Briefly, duplicate (and triplicate, where possible) 6-μg aliquots of PBL DNA [or 200 ng of genomic mutant DNA or 6 μg of wild-type control DNA containing 6 pg of mutant (10−6mutant positive control)] were subjected to three cycles of PCR and RE before LCR analyses. The specific protocol for the mutant enrichment PCR/RE procedures was dependent on the locus and nucleotide under study(6). MspI was used for mutant selection in the Ha-ras codon 12 and p53 codon 248 procedures,whereas a HphI site was incorporated into the N-ras sequence by PCR for the selection of codon 12 and the first base of codon 13, as described previously by Wilson et al.(6). The original sample DNA was either exhaustively digested (overnight) with MspI (New England Biolabs) or amplified by locus-specific PCR primers before digestion with HphI (New England Biolabs). An aliquot of this MspI digest was then amplified for 25 cycles with the outermost set of PCR primers and Taq polymerase (Perkin-Elmer) under standard reaction conditions. The process of MspI (or HphI) digestion (>5 h) and PCR amplification was then repeated using nested primers for 20 cycles and either Taq(Perkin-Elmer) or Pfu (Stratagene) or Pfu Turbo (Stratagene)polymerase. After the third round of 20 cycles of nested PCR amplification, the mutant allele was detected by LCR amplification using 32P-end-labeled primers (labeled invariant oligomers and unlabeled discriminating oligomers), as described previously by Wilson et al.(6) and Barany(7). One μl of the above-mentioned PCR-amplified and MspI- or HphI-restricted supernatant was incubated with 1pmol/μl each of either the wild-type discriminating LCR primer set or all six mutant discriminating LCR primers, 15 units of Taq ligase (a gift from Dr. Francis Barany, Cornell University Medical School, New York, NY, and purchased from New England Biolabs), and 4 μg of sheared salmon sperm DNA in a total volume of 10 μl containing 20 mm Tris-HCl (pH 7.6), 100 mm KCl, 10 mmMgCl2, 1 mm EDTA, 10 mm DTT, 1 mmNAD+, and 0.1% Triton X-100 (7). The LCR amplification reaction was incubated for 30 cycles at 95°C for 1 min and 65°C for 4 min. The LCR amplification products were separated on a 10% polyacrylamide, 7 m urea sequencing gel, dried, and exposed to X-ray film.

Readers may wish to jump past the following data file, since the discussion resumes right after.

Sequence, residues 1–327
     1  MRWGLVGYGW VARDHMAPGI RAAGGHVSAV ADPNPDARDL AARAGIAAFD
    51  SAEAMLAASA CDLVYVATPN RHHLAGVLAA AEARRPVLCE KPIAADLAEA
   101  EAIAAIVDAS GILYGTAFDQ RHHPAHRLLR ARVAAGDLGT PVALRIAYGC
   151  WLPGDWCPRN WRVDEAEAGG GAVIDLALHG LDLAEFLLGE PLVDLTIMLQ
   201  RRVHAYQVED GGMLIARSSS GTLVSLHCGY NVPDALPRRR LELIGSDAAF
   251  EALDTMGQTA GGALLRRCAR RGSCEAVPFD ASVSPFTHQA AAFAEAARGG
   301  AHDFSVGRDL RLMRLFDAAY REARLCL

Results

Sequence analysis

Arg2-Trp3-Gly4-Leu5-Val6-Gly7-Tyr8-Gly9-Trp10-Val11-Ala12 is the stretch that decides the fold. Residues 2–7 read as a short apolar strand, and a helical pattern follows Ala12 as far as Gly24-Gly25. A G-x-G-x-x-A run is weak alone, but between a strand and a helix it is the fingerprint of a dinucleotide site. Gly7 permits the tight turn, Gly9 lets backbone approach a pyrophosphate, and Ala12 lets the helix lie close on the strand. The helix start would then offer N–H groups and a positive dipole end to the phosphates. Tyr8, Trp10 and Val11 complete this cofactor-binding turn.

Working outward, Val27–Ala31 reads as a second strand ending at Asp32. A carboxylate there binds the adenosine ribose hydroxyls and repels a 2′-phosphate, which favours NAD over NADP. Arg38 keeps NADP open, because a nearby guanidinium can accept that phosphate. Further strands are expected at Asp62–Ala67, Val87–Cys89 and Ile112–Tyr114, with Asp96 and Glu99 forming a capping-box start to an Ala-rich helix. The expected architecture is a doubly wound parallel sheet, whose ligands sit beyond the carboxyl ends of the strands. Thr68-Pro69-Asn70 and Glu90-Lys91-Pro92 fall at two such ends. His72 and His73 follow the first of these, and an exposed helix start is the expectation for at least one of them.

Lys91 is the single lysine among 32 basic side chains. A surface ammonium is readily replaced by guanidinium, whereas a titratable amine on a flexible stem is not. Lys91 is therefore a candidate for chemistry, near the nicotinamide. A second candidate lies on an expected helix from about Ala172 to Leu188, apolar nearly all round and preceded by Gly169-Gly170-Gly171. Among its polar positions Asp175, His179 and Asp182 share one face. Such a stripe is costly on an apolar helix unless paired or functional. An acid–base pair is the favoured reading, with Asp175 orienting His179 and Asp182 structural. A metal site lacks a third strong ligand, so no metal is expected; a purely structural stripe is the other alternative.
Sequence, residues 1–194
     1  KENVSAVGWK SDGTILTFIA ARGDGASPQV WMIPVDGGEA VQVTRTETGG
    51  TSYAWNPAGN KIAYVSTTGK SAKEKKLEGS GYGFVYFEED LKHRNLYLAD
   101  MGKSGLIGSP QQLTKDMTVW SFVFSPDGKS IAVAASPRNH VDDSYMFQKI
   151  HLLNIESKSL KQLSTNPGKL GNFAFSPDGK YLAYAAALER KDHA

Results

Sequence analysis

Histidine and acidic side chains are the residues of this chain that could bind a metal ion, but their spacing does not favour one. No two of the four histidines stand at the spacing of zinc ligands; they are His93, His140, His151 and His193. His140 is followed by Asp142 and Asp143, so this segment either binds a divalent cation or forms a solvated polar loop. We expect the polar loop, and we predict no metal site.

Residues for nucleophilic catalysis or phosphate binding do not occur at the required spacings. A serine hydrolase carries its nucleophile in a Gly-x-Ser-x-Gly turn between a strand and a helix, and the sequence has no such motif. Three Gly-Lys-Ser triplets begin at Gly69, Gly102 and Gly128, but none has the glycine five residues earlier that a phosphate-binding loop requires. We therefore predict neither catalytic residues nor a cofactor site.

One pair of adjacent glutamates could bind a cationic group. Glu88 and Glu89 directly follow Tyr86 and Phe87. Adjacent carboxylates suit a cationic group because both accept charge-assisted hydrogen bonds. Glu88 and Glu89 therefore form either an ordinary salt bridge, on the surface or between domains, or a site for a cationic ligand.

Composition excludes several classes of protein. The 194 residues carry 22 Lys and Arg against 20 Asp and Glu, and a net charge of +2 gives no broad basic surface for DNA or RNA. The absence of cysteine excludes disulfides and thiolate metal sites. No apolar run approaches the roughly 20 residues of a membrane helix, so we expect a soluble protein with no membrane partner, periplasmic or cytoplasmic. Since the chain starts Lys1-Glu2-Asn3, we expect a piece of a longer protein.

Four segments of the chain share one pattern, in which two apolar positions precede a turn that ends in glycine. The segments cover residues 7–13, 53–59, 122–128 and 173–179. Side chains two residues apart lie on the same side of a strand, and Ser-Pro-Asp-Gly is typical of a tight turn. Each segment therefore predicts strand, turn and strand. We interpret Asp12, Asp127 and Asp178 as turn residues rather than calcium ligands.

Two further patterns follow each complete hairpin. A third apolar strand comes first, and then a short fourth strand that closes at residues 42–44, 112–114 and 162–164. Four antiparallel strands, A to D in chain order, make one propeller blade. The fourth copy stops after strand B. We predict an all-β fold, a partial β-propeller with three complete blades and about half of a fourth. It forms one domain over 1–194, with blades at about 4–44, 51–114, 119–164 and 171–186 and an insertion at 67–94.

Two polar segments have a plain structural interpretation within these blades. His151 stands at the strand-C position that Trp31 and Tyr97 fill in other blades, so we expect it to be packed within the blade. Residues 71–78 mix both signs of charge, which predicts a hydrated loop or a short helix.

After the development of the Needle-in-a-Haystack PCR/RE/LCR assay, the question of the baseline normal mutation frequency in human tissues became an issue (6). If this sensitive mutation detection and identification assay is to be useful in identifying individuals harboring a higher-than-normal frequency of one or more mutations due to either the presence of cancer cells, genetic hypermutability, or a recent mutagen exposure, the background frequency of the mutations under study needs to be known.

To approach this question of background base substitution mutation frequency, human PBL DNAs were obtained from 19 phenotypically normal volunteers. The age of these donors ranged from 2.5–46 years, and both genders were almost equally represented. Four individuals did not provide their age (date of birth), and another 4 of the 19 specimens were obtained anonymously (Table 2).

Five base sites within three separate oncogenic loci were chosen for rare base substitution PCR/RE/LCR mutation analyses. These were the second base of codon 12 of the Ha-ras gene, the first base of codon 248 of the p53 gene, the first and second bases of codon 12 of the N-ras gene, and the first base of codon 13 of the N-ras gene.

Codon 12 of the Ha-ras gene was the first locus to be analyzed. Each duplicate or triplicate sample containing 6 μg of PBL specimen DNA was analyzed by PCR/RE/LCR procedures. A G→T transversion mutation was observed in specimen 93014 (Fig. 1). A standard mix of 10−6 mutant (pT24-C3) to wild-type plasmid DNA mix was included in the PCR/RE selection and LCR analyses to ensure the sensitivity of the assay. The shadow observed above the bands in Fig. 1 does not represent additional mutations because no mutations were observed in specimens when the LCR reactions contained only the mutant A primers, whereas LCR bands were observed for the oligonucleotide template standard for mutant A (data not shown). The 1 pmol/μl concentration of oligonucleotide template standard mutant C was saturating because only a single 48-bp band representing the antisense LCR primer set was observed. Lower concentrations of oligonucleotide standards enable the display of both LCR product bands (as noted below).